MGM reportedly eyeing potential sale of gambling interests at Northfield Park

News 5 Cleveland
MGM reportedly eyeing potential sale of gambling interests at Northfield Park
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NORTHFIELD, Ohio — MGM Resorts International is reportedly exploring the sale of its gambling operations at Northfield Park, according to a report from Bloomberg. The report said talks are only preliminary and may not result in any action.

The Northfield Harness Racing Track opened as the Hard Rock Rocksino with much fanfare in December 2013. It is one of seven horse tracks in Ohio that was awarded a slots-only license as part of a compromise between the Kasich administration and the state's four casinos.

The Hard Rock was a $268 million destination drawing gamblers from Cleveland and Akron for a Vegas-like experience.

"We could have done just the slots in the box, as the saying goes, that's not what the brand Hard Rock's about," said Hard Rock International Chairman Jim Allen at the time. "If you look at our success, it really is about trying to create a destination."

It established itself as the gambling leader not just among the state's slots-only racinos but consistently bringing in more revenue than the state's four full-fledged casinos. These numbers caught the eye of MGM in 2019 and prompted them to pay just over a billion dollars for the property.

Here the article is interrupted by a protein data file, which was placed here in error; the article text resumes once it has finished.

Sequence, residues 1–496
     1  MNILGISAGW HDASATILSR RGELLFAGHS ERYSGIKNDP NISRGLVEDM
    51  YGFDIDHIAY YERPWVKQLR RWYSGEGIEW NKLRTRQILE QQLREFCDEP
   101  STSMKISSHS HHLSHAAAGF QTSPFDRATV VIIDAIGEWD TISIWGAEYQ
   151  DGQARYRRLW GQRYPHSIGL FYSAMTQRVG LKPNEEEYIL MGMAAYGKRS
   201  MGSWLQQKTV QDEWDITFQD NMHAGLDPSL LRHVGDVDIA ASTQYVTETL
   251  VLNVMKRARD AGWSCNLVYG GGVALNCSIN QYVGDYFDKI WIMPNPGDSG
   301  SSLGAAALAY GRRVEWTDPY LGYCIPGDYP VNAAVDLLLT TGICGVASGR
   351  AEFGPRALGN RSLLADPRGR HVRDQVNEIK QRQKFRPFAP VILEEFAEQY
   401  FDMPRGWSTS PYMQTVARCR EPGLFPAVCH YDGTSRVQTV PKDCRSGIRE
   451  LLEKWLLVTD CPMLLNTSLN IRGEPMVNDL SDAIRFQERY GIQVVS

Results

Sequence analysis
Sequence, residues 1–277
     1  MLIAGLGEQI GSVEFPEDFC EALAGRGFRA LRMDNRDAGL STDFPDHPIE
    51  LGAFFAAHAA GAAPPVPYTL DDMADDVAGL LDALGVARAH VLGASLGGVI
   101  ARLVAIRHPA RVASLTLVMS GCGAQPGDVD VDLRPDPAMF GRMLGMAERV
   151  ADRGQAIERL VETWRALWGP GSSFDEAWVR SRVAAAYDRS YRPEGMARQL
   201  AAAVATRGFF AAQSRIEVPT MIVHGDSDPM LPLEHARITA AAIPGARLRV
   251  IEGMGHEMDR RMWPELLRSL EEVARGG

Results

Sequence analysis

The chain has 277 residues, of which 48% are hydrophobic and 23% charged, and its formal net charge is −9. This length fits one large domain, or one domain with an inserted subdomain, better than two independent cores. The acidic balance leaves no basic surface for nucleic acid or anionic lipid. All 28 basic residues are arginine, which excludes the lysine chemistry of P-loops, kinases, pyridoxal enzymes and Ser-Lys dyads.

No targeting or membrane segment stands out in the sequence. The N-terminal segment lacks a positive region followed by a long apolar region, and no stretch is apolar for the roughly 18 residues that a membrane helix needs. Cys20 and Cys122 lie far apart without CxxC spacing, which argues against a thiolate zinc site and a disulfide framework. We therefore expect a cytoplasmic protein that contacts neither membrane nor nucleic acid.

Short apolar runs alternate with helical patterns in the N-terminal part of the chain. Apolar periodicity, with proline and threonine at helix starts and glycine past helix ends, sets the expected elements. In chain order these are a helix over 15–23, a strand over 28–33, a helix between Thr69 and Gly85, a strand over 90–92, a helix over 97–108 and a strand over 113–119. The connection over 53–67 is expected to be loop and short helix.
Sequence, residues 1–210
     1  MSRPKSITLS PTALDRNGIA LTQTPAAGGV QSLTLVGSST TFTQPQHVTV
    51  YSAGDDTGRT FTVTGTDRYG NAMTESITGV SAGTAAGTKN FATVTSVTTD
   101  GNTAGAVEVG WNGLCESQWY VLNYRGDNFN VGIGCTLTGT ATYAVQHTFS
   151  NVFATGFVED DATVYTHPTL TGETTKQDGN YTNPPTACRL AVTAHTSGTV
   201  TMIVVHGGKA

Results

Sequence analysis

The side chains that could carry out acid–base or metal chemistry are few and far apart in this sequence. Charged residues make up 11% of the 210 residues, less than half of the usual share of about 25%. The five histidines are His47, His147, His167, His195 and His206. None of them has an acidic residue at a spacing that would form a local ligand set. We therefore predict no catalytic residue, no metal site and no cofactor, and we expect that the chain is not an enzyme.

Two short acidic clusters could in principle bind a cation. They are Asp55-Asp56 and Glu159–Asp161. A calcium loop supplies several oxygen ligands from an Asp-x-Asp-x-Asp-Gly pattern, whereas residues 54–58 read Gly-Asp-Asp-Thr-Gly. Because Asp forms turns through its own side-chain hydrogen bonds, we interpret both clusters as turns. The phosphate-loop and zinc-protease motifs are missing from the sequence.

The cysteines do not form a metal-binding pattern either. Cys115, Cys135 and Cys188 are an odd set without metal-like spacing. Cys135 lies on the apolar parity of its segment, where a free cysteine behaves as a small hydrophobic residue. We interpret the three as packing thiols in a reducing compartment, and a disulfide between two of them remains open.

In the five years since, it has remained the state's earnings leader, bringing in $296.8 million in revenue last year after all bets were paid. It's on a pace to be the first gambling site in the state ever to top the $300 million mark later this year.

Ryan Butler, a casino analyst with, said it is not surprising that MGM might be looking to move on from Ohio if the situation is right.

"From MGM it's not that that it's not making money, it's is it making enough money to justify it," said Butler. "This kind of follows a pattern for MGM. They've been kind of divesting themselves from some of their regional properties and focusing on more of the big Las Vegas type properties. They did this in Mississippi a couple of years ago where they divested one of their properties and it's not shocking that they might be looking to do this here."

Since gambling came to Ohio in 2012, the traditional model of companies owning and operating their facilities has changed. REITs, or Real Estate Investment Trusts, have made it more profitable for them to break into two companies, a real estate one that owns the land and the buildings and another that operates the casinos. When Caesars emerged from bankruptcy in 2017, it was the first to do this with the new company, Vici, which handled real estate. MGM did the same, with MGM Growth Properties handling its real estate.

But two years ago, MGM Growth Properties was acquired by Vici, who also owns the two JACK properties in Cleveland and North Randall and leases them back to JACK Entertainment.

"MGM, because they don't own it anymore, technically it might make it a little easier to move on," said Butler. "Can that $60 million plus annual rent, can that be better used maybe somewhere else, so that's probably what they're looking at now."

MGM, for its part, told News 5 in a statement, "We have a longstanding policy of not commenting on rumors or speculation."

The Ohio Lottery tracks how much the state's seven racinos bring in per video lottery terminal (VLT) daily. MGM Northfield is the only one that averages more than $500 a machine, so should they decide to move on?

"There is still definitely interest in that property," Butler said.